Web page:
Wednesday, June 30, 2010

On the subject of microfracking chemicals, my father forwarded this link to me last night. I was looking through the list, and X-Cide 207 caught my eye - it's an industrial microbicide and fungicide, and is pretty nasty. It's explicitly labeled for fracking, and most of the rest of the chemicals look like similar biocides, industrial solvents, surfactants, and the like. Hrm, also Bio Clear 1000 and its relatives, which are also nasty microbicides - "slimacide", "algaecide", etc. Various caustic and acidic agents....

The nasty stuff looks like it is used to keep algaeal blooms from forming in the fracking circulatory system.

For the nasty stuff, it depends on concentrations, I suppose. This sort of stuff will be present in industrial brownfields. But as the article points out, these are all essentially trace substances in a slurry whose vast bulk is composed of the pure drinking-class water the Marcellus operators are extracting out of my industrial park's pumps. The list includes a number of rather dubious-looking environmentally-sensitive replacements for dirtier compounds. I say "dubious" because these sorts of substitutions tend to be less effective than the old poisons.

Eh, it's possible that somewhere down the line some of this stuff could get out into the general water table. But keep in mind that the old mines are volcanoes of nastier stuff all over this state's minefield regions, and all of them were cut right into the water-table, open sieves of heavy metal seepage. Even the worst case isn't going to be anything like the old mercury poisonings of the "golden age" of industrial mining operations. Heck, there are flooded, abandoned quarries all through this region with crystalline-clear water the color of nothing in nature - crystal-clear because nothing can live in the waters. I've been told that if you go swimming in some of them, you're going to get skin burns.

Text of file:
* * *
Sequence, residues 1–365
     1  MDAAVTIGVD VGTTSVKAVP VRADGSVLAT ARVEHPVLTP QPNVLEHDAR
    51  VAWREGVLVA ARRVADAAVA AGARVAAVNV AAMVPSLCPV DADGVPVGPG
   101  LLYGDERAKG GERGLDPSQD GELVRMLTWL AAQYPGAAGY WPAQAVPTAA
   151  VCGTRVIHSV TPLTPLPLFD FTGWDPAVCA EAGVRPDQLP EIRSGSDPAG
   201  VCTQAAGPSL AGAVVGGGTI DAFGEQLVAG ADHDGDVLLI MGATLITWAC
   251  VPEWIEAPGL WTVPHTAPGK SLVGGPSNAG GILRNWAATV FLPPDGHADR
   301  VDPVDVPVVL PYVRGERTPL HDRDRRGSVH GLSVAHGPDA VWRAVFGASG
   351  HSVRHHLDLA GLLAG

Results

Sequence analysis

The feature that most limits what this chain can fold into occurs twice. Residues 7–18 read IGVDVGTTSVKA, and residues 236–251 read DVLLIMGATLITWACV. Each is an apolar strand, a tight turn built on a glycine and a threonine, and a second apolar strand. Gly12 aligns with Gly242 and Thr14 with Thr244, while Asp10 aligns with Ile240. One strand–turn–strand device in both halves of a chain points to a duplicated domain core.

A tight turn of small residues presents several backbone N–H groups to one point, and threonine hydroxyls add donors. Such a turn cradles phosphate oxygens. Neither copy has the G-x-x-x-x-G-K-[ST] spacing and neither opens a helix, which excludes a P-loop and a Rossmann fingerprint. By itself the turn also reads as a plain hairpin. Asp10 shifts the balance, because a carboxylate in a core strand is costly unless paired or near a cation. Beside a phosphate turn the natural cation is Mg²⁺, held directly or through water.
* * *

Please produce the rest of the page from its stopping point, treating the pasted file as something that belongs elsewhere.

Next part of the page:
chromal said...

I know of some of the sterile water-filled quarries, but I suspect they're not all that sinister-- they're simply alkaline (basic, as opposed to acidic) from the limestone. The fracking chemicals slurry is more of a withes brew, and is being purposefully pumped down into the bedrock in a manner that, by design, means it will disperse. I have no idea how bad (or not) fracking really is, nor how many of the myriad horror stories emerging from places like the Colorado western slope and elsewhere are completely valid at face value, but I sure as hell wouldn't want it happening in my backyard.

Mitch H. said...

It's also being pumped back out for processing, supposedly. And Jason doesn't agree with you on the subject of the toxicity of those sterile water-filled quarries. In general, I'm more inclined to trust in modern, harassed corporations' environmental precautions than the precautions of early-twentieth-century quarrying companies with no-one to threaten to sue them, and only the prospect of wildcat strikes to keep them honest.

Hrm, come to think of it, I'm not even sure if the quarries were unionized.